Today, the world celebrates the 70th birthday of the first and only three-time consecutive World Heavyweight Champion Muhammad Ali (born Cassius Marcellus Clay, Jr.).
In celebration of Muhammad Ali's extraordinary journey, MyHeritage decided to build his family tree and share his family and personal history.
Muhammad is a descendant of pre-Civil War era American slaves in the American South, and is predominantly of African-American descent, with some Irish and English ancestry.
His Irish ancestry was uncovered through research revealing his descent from a man who lived in the town of Ennis, in County Clare, Ireland.
We all remember our first forays into the world of family research.
"Where do I look?", "How do I physically record the information?" and "What on earth is a GEDCOM file?" are just a few of the many questions that went through my mind when starting out.
Now, if somebody who had "been there and done that" could have provided some advice about the importance of citing sources or, indeed, the art of deciphering census handwriting, my research would have been significantly more efficient!
We’ve written about it once or twice on our blog. And every family site on MyHeritage.com also includes a recipe page so families can share their traditions. (CLICK HERE to learn how to access your recipe page)
However, we’ve never really looked into what families and cultures believe to be “lucky foods,” those that bring luck or fortune to those who eat them.
A few weeks ago, the ABC in the US published a great post showing some lucky foods consumed on New Year’s Day by various cultures around the world to make sure the year ahead is a good one.
The foods include Black-Eyed Peas in the American south, which either look like coins or “grow” when cooked like your fortune will (depending on which tradition you believe); Long Noodles, thought to bring long life in many Asian countries; and Cooked Greens, which resemble money and are thought to bring good fortune in Germany.
We were recently contacted by Omar Hossino, a MyHeritage user with Syrian roots. His story is particularly inspiring for many people around the world who are held back in their research by a lack of records and other information.
Omar's story demonstrates how MyHeritage helps people contact their family (in Omar's case, Syrian family members), build their family tree, learn about their family history and create a unique path of communication with relatives.
Omar's interview is below. We hope you find it as fascinating as we did.
Omar Hossino was born in West Virginia, but his family is originally from the small city of Salamieh in central Syria. He became interested in family tree research when he visited Syria and met many family members.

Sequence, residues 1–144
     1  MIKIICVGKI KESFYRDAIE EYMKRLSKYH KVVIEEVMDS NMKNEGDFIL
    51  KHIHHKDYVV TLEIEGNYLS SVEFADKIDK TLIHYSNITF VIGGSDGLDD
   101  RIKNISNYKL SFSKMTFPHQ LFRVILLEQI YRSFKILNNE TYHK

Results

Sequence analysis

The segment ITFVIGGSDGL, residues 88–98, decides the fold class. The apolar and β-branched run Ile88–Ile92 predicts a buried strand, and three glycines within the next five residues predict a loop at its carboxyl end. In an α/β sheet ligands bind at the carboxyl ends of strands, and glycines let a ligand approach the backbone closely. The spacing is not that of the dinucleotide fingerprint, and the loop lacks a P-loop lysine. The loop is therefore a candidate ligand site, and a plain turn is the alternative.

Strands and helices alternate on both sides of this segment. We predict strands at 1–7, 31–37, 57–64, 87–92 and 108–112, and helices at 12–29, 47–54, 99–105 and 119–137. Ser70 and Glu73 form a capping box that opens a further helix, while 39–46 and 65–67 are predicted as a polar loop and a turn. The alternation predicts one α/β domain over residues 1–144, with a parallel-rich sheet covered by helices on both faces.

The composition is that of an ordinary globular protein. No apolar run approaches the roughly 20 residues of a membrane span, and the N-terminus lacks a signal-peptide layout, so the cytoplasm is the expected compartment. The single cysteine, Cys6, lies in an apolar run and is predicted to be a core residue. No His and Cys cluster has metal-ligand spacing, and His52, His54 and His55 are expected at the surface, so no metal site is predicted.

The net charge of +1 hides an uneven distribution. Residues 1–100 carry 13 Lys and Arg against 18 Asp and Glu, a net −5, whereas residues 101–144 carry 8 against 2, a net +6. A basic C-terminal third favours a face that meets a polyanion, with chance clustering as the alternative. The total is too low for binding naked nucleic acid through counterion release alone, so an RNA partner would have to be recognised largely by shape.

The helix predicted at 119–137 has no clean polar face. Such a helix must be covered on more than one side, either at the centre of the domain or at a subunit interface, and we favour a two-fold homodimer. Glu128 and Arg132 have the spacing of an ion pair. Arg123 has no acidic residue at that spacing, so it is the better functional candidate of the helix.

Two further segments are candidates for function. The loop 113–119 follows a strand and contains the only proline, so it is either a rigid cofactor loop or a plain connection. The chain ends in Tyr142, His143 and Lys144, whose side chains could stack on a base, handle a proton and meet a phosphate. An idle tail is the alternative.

Part of the beauty associated with family history research is that the researcher can always share findings with loved ones. Wouldn't it be a shame for that research to be lost to the generations?
Regardless of your age, I believe that we should all make some attempt to inform others about our research or, indeed, provide some guidance as to the order and direction of your general research. Speaking as head researcher for my family, I have spoken in some depth with my siblings about where my research is stored and how they can access the Sanderson MyHeritage tree.
So, now that I've given you some insight into my preparations, how do you plan to pass down your family research.
Let us know in the poll below and the comments section.
MyHeritage will be at both RootsTech (February 2-4, Salt Lake City) and at Who Do You Think You Are? LIVE! (February, London UK). Stay tuned for more information about both events.
Of course, all of us interested in family history are looking forward to the new season of the US version of Who Do You Think You Are?, with the celebrity lineup just announced.
Kate's family history - contrary to her now relatively opulent lifestyle - is one that many of us can attest to in our family trees.
Kate's family are from the North of England and - up to the last few generations - her ancestors were mostly working-class. According to the New England Historic Genealogical Society her ancestors include merchants, messengers, solicitors, cabinet makers, butchers, bakers, a laundress, and coalminers.
The Society also revealed in November 2010 that Kate Middleton (along with the Queen Mother and Princess Diana) is a cousin of America's first president, George Washington.
Click here to see Kate Middleton's MyHeritage family tree (screenshot below).
Tyler’s professional success is known to many. Aerosmith has sold more than 150 million records worldwide, while American Idol, on which he is a judge, is the top-rated American television show.
Not as well known are the details of his amazingly diverse heritage, the rich history of musicians among his ancestors or the complex structure of his current family including his partners (ex and current) and his children.
To kick things off, we’ve pulled together Tyler’s family tree.
Click on the image below (or HERE) to be taken to the actual family tree on MyHeritage.
As part of our research on Tyler’s family, we found some other fascinating information.
While this may make sense due to the growing awareness of the hereditary traits of illnesses like heart disease, obesity and certain forms of cancer, for many the idea that eating disorders may also share similar traits is news.
In a recent Huffington Post article, Dr. Kenneth Weiner skillfully examines the topic and looks at the theory around what exactly it is people are inheriting when it comes to eating disorders.
Today, we have some even older photos for you. These shots comprise some of the earliest ever captured. Click each image to see a larger version.